Snowbound

Standard

The blizzard that wasn’t. December 2009. My friends were waiting for me in DC. It was a quick hop; get on the plane if my legs would carry me, although it’s not so much the legs that were the problem as the will. The want was there, but sometimes that’s not enough.

“I can’t take the train?”

“It’s only two days.”

“I don’t want the little plane.”

“It’s a jet.”

“It’s not. I googled it.”

Silence.

“Fine. I’ll be there tomorrow.”

Happy messages appear on my voicemail while I slept.

5 AM comes way too soon. It seems silly to pack the kids just to drop me off, but –

There is practically no one at the airport. It’s 5AM.

I kiss everyone goodbye and they pull away from the curb.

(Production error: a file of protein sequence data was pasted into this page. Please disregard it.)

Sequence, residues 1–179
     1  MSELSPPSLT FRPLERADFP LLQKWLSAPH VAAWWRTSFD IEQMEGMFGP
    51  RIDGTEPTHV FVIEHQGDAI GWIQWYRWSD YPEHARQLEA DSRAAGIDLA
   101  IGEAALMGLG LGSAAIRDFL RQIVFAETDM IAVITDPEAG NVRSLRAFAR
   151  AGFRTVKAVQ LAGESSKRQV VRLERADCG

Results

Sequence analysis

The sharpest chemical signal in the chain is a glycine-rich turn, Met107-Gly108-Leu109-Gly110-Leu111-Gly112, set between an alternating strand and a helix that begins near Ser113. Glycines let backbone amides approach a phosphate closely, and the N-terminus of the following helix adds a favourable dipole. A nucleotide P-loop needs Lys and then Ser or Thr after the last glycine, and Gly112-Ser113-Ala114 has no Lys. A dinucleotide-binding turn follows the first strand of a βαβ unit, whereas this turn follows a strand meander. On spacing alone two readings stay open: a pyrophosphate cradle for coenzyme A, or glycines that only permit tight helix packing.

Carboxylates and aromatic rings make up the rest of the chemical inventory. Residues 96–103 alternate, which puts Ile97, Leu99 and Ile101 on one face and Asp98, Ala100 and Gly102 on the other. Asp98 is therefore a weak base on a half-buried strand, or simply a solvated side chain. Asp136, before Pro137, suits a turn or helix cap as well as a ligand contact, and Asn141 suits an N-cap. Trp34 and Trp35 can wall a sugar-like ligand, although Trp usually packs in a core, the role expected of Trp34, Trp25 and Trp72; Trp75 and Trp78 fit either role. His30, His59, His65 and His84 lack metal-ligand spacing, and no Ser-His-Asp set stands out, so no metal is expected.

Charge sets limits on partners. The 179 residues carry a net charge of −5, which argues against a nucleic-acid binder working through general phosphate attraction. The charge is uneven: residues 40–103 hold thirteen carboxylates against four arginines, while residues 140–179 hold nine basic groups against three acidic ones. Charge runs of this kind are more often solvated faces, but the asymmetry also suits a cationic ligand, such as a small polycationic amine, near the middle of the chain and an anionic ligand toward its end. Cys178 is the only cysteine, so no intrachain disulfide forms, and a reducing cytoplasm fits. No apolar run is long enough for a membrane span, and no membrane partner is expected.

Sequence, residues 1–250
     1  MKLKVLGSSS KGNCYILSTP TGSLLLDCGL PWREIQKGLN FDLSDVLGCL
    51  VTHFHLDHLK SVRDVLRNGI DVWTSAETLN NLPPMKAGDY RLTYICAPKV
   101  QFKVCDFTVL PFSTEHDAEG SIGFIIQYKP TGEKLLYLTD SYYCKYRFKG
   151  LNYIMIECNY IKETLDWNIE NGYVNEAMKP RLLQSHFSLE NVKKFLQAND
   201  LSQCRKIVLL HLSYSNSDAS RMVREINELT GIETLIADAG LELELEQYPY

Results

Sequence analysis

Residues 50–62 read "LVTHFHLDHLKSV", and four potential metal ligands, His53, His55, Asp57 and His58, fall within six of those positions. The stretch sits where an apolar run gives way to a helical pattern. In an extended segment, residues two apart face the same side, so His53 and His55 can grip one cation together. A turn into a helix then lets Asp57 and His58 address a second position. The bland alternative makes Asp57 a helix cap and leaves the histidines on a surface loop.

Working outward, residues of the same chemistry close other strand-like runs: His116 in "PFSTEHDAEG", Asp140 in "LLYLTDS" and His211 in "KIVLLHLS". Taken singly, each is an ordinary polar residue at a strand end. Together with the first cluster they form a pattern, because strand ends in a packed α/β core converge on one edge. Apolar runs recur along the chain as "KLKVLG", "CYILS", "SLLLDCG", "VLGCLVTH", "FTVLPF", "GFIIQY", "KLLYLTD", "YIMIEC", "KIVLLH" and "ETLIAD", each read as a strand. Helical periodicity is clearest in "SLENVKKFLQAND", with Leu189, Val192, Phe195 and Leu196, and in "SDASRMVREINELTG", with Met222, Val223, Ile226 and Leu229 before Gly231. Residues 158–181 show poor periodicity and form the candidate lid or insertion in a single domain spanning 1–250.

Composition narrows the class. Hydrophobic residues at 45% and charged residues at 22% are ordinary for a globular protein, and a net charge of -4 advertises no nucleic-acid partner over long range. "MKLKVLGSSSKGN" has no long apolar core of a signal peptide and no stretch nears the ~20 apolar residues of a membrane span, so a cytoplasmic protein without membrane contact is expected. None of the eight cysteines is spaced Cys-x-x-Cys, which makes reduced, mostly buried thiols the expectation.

Can’t I change my mind? It’s dark and they say the weather will be bad. How will I even get home tomorrow?

Inside I hand the ticket clerk my papers and she smiles.

“That flight’s cancelled. Three feet of snow.”
I look out the window at the bare ground, the sun coming up and look back to her as if she’s crazy.

“DC. Three feet of snow. Airports are closed.”

“But it never snows in DC.”

She shrugs. “Do you want a refund? You were coming back tomorrow anyway.”

“Sure. A refund is good.”

I call my husband. He hasn’t gotten too far and he comes back. I guess we’ll have breakfast.

I leave messages. Sorry, can’t come. I don’t tell them that I am grateful not to get on a tiny airplane in December to land in the snow.

“Oh, poor Karen. What will you do snowbound with the little ones?”

“Snowbound? No. That’s just DC and Virginia. We have no snow. I’m going shopping.”

My shovel is dry.

I think Virginia got almost if not more than 100 inches of snow that year. Actually, I do know. Because I got every whiny phone call with each flake landing. I think he cried once. Record breaking snow.

I think we broke records here too – for least amount of snow.